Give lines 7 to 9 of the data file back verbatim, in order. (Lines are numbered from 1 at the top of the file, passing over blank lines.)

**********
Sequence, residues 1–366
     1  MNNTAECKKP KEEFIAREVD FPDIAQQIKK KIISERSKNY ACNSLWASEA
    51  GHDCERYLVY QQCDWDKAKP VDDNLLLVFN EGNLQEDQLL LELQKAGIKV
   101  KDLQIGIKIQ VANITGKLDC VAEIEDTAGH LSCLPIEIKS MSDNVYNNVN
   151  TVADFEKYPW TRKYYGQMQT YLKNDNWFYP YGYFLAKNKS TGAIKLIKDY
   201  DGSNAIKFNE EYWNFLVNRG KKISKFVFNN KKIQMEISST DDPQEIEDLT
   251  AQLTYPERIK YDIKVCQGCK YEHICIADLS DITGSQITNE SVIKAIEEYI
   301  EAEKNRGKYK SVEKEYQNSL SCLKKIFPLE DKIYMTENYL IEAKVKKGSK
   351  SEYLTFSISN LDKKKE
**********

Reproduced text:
   251  AQLTYPERIK YDIKVCQGCK YEHICIADLS DITGSQITNE SVIKAIEEYI
   301  EAEKNRGKYK SVEKEYQNSL SCLKKIFPLE DKIYMTENYL IEAKVKKGSK
   351  SEYLTFSISN LDKKKE